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December 2014: Current Writing: 'Everything Must Change' Excerpt: Not Conscientious Objectors: 'The country is called to arms. The people rise against the evil foe! … Or do they? How does one communicate with an island population that is largely illiterate? … Where the majority speak little or no English? Place yourself in their position.

You are illiterate. You receive a letter delivered by a postman who has never before called at your cottage. Your cottage has no letterbox, so the overworked postman shoves this call-to-arms letter under the gap at the bottom of the door, a gap large enough to let snow in in winter, the rats whenever they choose. You later pick up the envelope and find that blotter-like, it has absorbed the damp from your earthen floor. There’s some writing on the envelope but it’s all meaningless to you. You turn it over. You even sniff at it but are none the wiser for your effort. It’s choosing time: you can dry this thing out perhaps then use it to light your stick fire next morning? Or you could take it to John Railway and find out what it’s all about. You choose the latter. John tells you that the letter instructs you to report to a particular place, at a particular time so that you may be medically assessed prior to being drafted into a branch of the armed forces. Armed forces? Pull the other one John! What is it? What is it, really? It’s from the council, isn’t it? Despite John’s serious expression you still hope. This has got to be a mistake John; surely? … …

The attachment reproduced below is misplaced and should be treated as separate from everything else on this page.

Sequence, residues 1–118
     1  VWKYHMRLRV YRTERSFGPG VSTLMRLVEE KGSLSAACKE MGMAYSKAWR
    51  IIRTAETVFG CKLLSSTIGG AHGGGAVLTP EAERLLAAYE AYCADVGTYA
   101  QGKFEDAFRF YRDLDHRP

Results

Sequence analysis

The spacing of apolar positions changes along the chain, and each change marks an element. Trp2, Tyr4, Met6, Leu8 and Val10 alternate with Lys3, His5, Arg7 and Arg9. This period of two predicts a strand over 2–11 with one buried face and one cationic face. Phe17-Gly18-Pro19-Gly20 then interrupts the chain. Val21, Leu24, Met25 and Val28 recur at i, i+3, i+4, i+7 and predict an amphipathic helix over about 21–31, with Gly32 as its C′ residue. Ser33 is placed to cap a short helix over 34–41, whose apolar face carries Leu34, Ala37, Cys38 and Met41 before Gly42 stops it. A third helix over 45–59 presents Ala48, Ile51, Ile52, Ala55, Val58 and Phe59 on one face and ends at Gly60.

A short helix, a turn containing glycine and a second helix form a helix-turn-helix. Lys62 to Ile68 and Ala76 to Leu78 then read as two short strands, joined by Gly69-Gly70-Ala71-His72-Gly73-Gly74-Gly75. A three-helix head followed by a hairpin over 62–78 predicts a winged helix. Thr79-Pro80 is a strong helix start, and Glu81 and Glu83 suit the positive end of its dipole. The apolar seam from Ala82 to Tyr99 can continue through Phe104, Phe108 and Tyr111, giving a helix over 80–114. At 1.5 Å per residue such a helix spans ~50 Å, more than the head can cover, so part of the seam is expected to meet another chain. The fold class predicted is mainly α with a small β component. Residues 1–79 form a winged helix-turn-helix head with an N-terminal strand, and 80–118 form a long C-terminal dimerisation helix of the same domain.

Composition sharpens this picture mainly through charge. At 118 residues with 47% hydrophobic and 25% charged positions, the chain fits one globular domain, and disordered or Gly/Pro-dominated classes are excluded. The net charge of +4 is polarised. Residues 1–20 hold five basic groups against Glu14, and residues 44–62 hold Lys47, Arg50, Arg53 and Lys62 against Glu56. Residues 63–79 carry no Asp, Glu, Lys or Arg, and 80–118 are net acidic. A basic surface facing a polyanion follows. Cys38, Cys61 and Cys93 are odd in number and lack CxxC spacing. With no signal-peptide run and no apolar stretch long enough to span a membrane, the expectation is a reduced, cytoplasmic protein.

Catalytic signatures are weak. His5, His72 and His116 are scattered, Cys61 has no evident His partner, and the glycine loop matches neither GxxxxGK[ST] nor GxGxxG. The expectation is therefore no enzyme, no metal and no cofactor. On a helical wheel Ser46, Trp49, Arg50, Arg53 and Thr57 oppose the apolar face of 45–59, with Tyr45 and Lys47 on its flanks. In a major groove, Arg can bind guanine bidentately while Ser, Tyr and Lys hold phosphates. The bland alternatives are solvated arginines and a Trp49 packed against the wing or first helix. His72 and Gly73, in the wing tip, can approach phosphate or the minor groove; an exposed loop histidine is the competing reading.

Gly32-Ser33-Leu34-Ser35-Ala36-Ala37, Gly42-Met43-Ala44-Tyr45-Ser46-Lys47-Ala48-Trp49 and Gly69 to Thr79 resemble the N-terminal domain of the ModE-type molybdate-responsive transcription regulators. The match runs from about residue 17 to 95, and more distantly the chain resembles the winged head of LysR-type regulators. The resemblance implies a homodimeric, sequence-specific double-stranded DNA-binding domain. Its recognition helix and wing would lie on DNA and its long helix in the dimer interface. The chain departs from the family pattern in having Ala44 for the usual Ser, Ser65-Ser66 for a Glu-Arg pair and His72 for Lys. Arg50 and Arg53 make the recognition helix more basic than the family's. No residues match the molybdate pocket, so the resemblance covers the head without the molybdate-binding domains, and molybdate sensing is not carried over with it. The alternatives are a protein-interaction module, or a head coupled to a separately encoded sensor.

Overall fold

Ok John; you’ll admit that though you’ve never been one go to church – not regular-like, though your heart’s in the right place … and, and you’ve never had trouble with the law so it must be a mistake. They must know you’re needed to help with the hay-making at Ted Rowlands’s place next week? And your Megan is expecting her sixth next month. Tell them John. Tell them you’ve never been on one of those train things … never even crossed that dangerous bridge to the mainland … and then there’s the way they speak John – you can’t speak two spokes … You thought John knew that? So you wouldn’t understand what they’re saying … And they wouldn’t understand what you are saying. So you’d be no good to them … no good at all. Tell them all this John … that all this palaver is making your bloody blood boil. See John? See? All this mucking about has started you swearing like a trooper now. You’re not bloody going and there’s an end to it. Tell them that John. Tell them that from you'.